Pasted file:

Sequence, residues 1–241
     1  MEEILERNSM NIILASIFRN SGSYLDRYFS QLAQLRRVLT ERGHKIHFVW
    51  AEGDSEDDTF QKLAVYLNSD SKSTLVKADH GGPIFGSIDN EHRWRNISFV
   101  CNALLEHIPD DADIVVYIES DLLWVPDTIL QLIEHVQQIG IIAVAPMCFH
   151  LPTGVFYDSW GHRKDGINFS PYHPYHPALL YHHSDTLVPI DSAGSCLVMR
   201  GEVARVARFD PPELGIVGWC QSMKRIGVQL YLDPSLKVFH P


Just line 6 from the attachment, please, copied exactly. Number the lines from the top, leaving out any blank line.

   201  GEVARVARFD PPELGIVGWC QSMKRIGVQL YLDPSLKVFH P